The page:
Emily, I also use credit a lot when travelling so as you can imagine having a forex free card has saved me quite a bit of money over the years. Definitely get the Amazon one for foreign currency purchases and use your regular travel card for benefits/rewards. Oddly enough I’m considering Iceland this year.

  2. Virna on January 22, 2015 at 12:28 PM

    Great post Barry. I will definitely check out Amazon card as those forex fees do add up.

    • Barry Choi on January 22, 2015 at 12:31 PM

      Virna, yes definitely pick it up!

  3. Tawcan on January 22, 2015 at 2:51 PM

    We typically use credit cards when we travel but also carry some foreign cash.

    • Barry Choi on January 22, 2015 at 3:23 PM

      Tawcan, having some cash is a must hence why I’ll use ATMs when i need it.

  4. DanaDavid Krzyszton on January 23, 2015 at 4:44 PM

    So technically speaking, the Amazon credit card with no foreign exchange fee is actually the cheapest method of payment while travelling, as you pay only the spot rate of the day. When you use your bank card at an ATM you still have to pay the 1-2% fee in addition to the spot rate.

    • Barry Choi on January 23, 2015 at 4:54 PM

      DanaDavid, technically yes assuming the spot rate is indeed charged. With ATMs is usually near the spot rate but some do charge that extra 1-2%. Of course cash is needed sometimes but I do try to charge to credit when I can.

  5. No Nonsense Landlord on January 24, 2015 at 8:53 AM

    The Credit Card is typically the best. And do not under-estimate the ability to buy things with the good ol’ USD. Many merchants will take it, but often their exchange rate is a real rip-off.

    • Barry Choi on January 24, 2015 at 9:05 AM

      No Nonsense Landlord, yes generally speaking I prefer to charge most things since credit cards also give you price protection.

  6. B. Causeiknow on January 27, 2015 at 11:17 AM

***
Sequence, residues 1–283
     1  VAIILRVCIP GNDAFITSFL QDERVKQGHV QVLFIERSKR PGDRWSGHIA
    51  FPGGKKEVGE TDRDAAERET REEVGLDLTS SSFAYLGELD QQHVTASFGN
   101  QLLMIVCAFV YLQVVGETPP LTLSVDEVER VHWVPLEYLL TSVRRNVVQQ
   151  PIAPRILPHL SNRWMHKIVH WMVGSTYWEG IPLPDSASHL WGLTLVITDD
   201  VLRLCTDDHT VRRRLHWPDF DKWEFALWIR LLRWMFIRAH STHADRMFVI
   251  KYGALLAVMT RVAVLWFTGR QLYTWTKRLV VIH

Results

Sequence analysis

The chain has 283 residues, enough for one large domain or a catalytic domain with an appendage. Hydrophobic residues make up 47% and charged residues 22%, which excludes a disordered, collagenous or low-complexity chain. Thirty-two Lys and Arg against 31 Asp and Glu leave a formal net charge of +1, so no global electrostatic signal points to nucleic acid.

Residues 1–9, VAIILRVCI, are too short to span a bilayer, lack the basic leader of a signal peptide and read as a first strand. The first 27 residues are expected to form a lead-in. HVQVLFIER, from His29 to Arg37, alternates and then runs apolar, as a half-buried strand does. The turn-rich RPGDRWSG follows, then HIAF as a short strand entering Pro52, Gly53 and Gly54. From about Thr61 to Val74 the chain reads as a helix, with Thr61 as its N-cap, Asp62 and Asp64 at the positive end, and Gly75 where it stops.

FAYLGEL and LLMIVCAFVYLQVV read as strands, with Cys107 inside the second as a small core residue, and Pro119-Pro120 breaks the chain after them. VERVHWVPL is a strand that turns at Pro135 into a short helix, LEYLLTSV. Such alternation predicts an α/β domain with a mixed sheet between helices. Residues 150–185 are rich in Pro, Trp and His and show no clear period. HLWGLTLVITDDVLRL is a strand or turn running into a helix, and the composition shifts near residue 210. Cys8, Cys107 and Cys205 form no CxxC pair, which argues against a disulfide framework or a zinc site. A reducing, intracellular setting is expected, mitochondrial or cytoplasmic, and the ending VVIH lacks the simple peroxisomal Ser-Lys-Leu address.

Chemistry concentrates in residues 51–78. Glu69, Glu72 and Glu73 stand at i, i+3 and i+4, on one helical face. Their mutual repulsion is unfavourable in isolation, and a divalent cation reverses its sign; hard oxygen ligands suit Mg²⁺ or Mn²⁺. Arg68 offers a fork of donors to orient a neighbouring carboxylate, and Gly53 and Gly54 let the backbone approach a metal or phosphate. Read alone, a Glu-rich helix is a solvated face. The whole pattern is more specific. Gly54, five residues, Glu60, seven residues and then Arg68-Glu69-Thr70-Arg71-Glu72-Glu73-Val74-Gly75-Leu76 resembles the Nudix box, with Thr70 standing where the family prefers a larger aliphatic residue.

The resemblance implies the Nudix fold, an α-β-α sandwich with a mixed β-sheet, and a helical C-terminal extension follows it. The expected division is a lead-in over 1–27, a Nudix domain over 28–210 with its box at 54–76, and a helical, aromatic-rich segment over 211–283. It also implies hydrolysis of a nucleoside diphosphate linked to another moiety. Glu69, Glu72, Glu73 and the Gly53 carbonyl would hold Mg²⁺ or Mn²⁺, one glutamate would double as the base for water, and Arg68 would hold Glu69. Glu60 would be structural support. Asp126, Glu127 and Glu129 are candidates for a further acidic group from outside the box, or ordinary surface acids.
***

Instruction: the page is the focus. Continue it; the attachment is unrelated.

My advice (for what it’s worth) is to use a credit card for hotel and restaurant payments, i.e., large payments, but take cash as ‘pocket money’. Use a debit card at the ATM but, definitely, not a credit card. It’s just a matter of planning.

    It’s like someone who uses a credit card to buy groceries … if you don’t have it, don’t use it.

    Sorry to spoil your vacation.

    • Barry Choi on January 27, 2015 at 11:24 AM

      B. Causeiknow,

      That’s a fair point, many people can get carried away with using credit. Using cash to make payments will encourage us to spend less since we’ll physically see the money disappearing.

  7. David Robertson on January 27, 2015 at 1:01 PM

    I’ve been using Amazon Visa for the last 6 months as my go to foreign transaction credit card. Exchange fees do add up as I recently received a letter from other credit card indicating they were crediting my M/C 600 dollars as they had made an error on their pre-recorded call center messages indicating their was no conversion fees for foreign transactions, but going forward they would charge me 2.5 percent.

    • Barry Choi on January 28, 2015 at 9:29 AM

      David,

      Nice of them to honour their mistake. I’ve had bank employees tell me information in person that I knew was incorrect, had I been someone else I may have ended up paying a ton of extra charges and there would be no record to back up my claim.

  8. Brin on January 28, 2015 at 11:31 AM

    If you want to exchange a larger amount of money either use a discount broker or use some called Norbert’s gambit .I recently used Norbert’s gambit in my investment account to exchange $5,000 with a .5 % cost.

    • Barry Choi on January 28, 2015 at 11:32 AM

      Brin,

      Yes brokers are probably best if you need to change a massive amount. Norbert’s gambit is great for investing purposes but I suppose you could do the Gambit and then withdraw the money if you have the time.

  9. Smartwatch Rankings on January 28, 2015 at 12:12 PM